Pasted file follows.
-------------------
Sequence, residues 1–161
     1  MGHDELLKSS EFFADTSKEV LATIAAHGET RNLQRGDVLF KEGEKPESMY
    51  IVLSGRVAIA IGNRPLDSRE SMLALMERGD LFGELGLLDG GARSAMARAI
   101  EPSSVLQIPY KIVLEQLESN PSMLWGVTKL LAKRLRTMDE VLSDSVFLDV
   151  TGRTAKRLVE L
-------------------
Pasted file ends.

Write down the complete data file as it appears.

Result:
Sequence, residues 1–161
     1  MGHDELLKSS EFFADTSKEV LATIAAHGET RNLQRGDVLF KEGEKPESMY
    51  IVLSGRVAIA IGNRPLDSRE SMLALMERGD LFGELGLLDG GARSAMARAI
   101  EPSSVLQIPY KIVLEQLESN PSMLWGVTKL LAKRLRTMDE VLSDSVFLDV
   151  TGRTAKRLVE L